If the metal selected for the reflective layer 103 is one which does not adhere well to the substrate material, an additional optional base layer 102 can be used. The base layer 102 is selected to be compatible with both the metal reflective layer 103 (or the dielectric layer 105, if the reflective layer is omitted) and the substrate 101. For example, for a polycarbonate or ceramic substrate 101, chromium and silicon are good base layer materials, while silicon works well with glass substrates, as well. Aluminum oxide, silicon dioxide and a mixture of ZnS with SiO2 also make good base layers. The base layer aids in adhesion of the structure to the substrate 101 while also improving the capacity of the structure to effectively dissipate unwanted heat.
The top layer of the embodiment of FIG. 1 is a lubrication layer 111. The lubrication layer 111 should preferably be of a material that has an ability to locally dissipate high energy, such as generated by an impact of a flying head with the medium surface. One material known to possess such a property is cyclic phosphazene (Dow Chemical), which is applied in a monomolecular or nearly monomolecular layer of about 5-20 Å, so as to be optically negligible in thickness. Other useful lubricants include phosphazene groups, diamond, diamond-like carbon and amorphous carbon. The lubricant, in combination with the suggested dielectric materials provides a medium surface with a low coefficient of friction (reducing the energy of impact which must be dissipated), a high thermal conductivity (so as to dissipate heat efficiently, including the heat of impact with the medium surface) and of a proper optical thickness so that a flying head and conventional laser sources can be used.
The substrate 101 can be polycarbonate, other hydrocarbon polymers including opaque formulations, glass, metal or ceramic. There is no requirement that the substrate be transparent, as in substrate incident media, because as an air incident medium, the medium of this embodiment does not require the laser to pass through the substrate.
Each layer of the illustrative embodiment is applied to the structure assembled on the substrate 101 by one of the known techniques for applying a thin film of the particular material. Such techniques may include, but are not limited to sputtering, vapor deposition, plating and spin coating.
As shown in FIG. 2, another embodiment adds to the structure of FIG. 1 an overcoat 201, disposed between the dielectric layer 109 and the lubricant 111. As described above, the dielectric layer 109 can be a compound layer of SiNx or SiO2 on a base of a mixture of ZnS and SiO2. The lubricant can be any of the liquid or solid lubricants mentioned above, including chromium, silicon, aluminum oxide, silicon dioxide and a mixture of ZnS with SiO2. The overcoat 201 is preferably a hard, durable, thin layer of one of the solid dielectric or lubricant materials including SiNx, SiO2, diamond-like carbon, diamond or amorphous carbon.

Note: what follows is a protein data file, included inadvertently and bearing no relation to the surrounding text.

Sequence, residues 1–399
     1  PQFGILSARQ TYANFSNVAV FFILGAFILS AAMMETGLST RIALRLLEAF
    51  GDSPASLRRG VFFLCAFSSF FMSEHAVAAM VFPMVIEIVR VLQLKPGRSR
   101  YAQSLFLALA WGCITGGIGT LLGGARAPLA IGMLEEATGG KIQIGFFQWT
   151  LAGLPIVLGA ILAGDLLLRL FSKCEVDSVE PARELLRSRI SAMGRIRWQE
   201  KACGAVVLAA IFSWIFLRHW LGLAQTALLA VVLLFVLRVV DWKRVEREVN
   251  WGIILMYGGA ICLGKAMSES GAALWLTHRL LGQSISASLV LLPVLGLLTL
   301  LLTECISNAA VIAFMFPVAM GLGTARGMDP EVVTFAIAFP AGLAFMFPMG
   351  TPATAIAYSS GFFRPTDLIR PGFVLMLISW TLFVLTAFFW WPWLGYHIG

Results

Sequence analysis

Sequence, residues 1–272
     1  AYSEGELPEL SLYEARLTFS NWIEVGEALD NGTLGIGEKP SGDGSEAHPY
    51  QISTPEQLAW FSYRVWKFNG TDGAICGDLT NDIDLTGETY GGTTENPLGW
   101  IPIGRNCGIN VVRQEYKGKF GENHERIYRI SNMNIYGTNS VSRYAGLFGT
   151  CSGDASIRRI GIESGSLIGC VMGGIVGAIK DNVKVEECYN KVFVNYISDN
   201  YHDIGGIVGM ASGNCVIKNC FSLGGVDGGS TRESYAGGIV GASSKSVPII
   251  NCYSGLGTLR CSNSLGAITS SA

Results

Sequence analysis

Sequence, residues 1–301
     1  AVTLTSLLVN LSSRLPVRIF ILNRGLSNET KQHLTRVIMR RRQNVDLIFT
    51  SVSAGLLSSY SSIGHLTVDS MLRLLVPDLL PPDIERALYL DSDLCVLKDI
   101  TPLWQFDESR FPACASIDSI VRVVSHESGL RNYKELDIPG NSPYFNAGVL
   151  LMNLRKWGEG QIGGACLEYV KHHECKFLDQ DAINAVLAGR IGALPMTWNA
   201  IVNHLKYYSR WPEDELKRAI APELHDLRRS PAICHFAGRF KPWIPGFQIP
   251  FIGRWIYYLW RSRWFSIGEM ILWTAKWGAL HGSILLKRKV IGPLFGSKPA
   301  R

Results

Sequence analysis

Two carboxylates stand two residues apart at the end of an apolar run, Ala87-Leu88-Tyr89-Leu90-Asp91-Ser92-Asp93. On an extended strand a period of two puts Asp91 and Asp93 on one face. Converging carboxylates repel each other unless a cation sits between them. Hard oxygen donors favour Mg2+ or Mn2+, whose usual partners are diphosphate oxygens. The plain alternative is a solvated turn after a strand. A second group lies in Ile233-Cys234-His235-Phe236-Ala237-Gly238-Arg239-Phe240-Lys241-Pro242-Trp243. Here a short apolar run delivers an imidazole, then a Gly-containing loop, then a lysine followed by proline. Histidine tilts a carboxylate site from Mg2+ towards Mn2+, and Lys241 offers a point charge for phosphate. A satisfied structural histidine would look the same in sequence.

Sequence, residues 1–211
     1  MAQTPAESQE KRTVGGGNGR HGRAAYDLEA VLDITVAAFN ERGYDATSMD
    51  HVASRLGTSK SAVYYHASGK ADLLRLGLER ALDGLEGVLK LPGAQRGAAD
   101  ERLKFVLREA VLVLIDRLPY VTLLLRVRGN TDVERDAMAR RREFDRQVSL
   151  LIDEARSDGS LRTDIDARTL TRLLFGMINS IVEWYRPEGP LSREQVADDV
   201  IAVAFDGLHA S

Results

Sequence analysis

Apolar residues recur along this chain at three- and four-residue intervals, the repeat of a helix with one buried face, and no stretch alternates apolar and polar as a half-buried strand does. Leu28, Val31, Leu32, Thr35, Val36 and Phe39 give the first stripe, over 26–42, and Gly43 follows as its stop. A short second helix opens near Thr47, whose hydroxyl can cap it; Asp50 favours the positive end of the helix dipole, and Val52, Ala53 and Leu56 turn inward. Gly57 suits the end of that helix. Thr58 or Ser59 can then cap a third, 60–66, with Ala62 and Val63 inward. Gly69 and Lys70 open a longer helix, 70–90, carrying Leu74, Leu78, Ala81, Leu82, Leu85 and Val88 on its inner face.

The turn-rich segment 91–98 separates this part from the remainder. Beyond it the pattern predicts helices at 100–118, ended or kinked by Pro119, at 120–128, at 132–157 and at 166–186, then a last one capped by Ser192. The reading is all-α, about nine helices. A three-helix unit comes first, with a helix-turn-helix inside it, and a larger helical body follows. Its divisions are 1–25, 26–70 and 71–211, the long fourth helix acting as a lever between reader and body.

As shown in FIG. 3, when an overcoat 201 is supplied which in combination with the rest of the structure provides suitable protection and heat dissipation characteristics for the information carrying layer 107, the lubricant layer 111 may be omitted.
An advantageous arrangement of any of the foregoing embodiments is one in which the thicknesses of the layers on the information carrying layer, i.e., those through which the laser travels, combine to give an optical path length equivalent to λ/4 in free space. That is, the sum of the thicknesses expressed in units of λn for each material is λn /4.
Also advantageous is the construction of two-sided media employing the principles of the present invention, as briefly mentioned, above. One substrate 101 may be coated on both sides using conventional techniques. Two thinner substrates 101 may be each coated on one side and the two substrates 101 then bonded together to form a single medium. Alternatively, two very thin substrates 101 may each be coated on one side and then bonded to a thick, central substrate (not shown) of any useful material, which need not be compatible with the process for forming the layers or transparent. Finally, one coated substrate 101 as described above can be bonded to a standard DVD-ROM, rewritable DVD or CD-ROM, providing a greater variety of interchange options.
Having now described a few embodiments of the invention, it should be apparent to those skilled in the part that the foregoing is merely illustrative and not limiting, having been presented by way of example only. Numerous modifications and other embodiments are within the scope of one of ordinary skill in the art and are contemplated as falling within the scope of the invention as defined by the appended claims and equivalents thereto.
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|U.S. Classification||428/64.1, 430/945, 430/495.1, G9B/7.186, 369/283, 428/64.4, 428/64.6, G9B/7.142, G9B/7.181, G9B/7.159, 430/270.13, 428/64.5, 428/913|
|International Classification||G11B7/254, G11B7/243, G11B7/257|
|Cooperative Classification||Y10T428/21, Y10S430/146, Y10S428/913, G11B7/254, G11B7/257, G11B7/122, G11B7/243, G11B7/24056|
|European Classification||G11B7/122, G11B7/24, G11B7/254, G11B7/257, G11B7/243|
|Jul 15, 1998||AS||Assignment|
Owner name: DIGITAL PAPYRUS CORPORATION, CALIFORNIA
Free format text: ASSIGNMENT OF ASSIGNORS INTEREST;ASSIGNORS:BERG, JOHN S.;LEE, NEVILLE K.S.;SHIEH, DAVID H.P.;REEL/FRAME:009317/0250;SIGNING DATES FROM 19980529 TO 19980709
|Feb 23, 2004||FPAY||Fee payment|
Year of fee payment: 4
|Mar 3, 2008||REMI||Maintenance fee reminder mailed|
|Aug 22, 2008||LAPS||Lapse for failure to pay maintenance fees|
|Oct 14, 2008||FP||Expired due to failure to pay maintenance fee|
Effective date: 20080822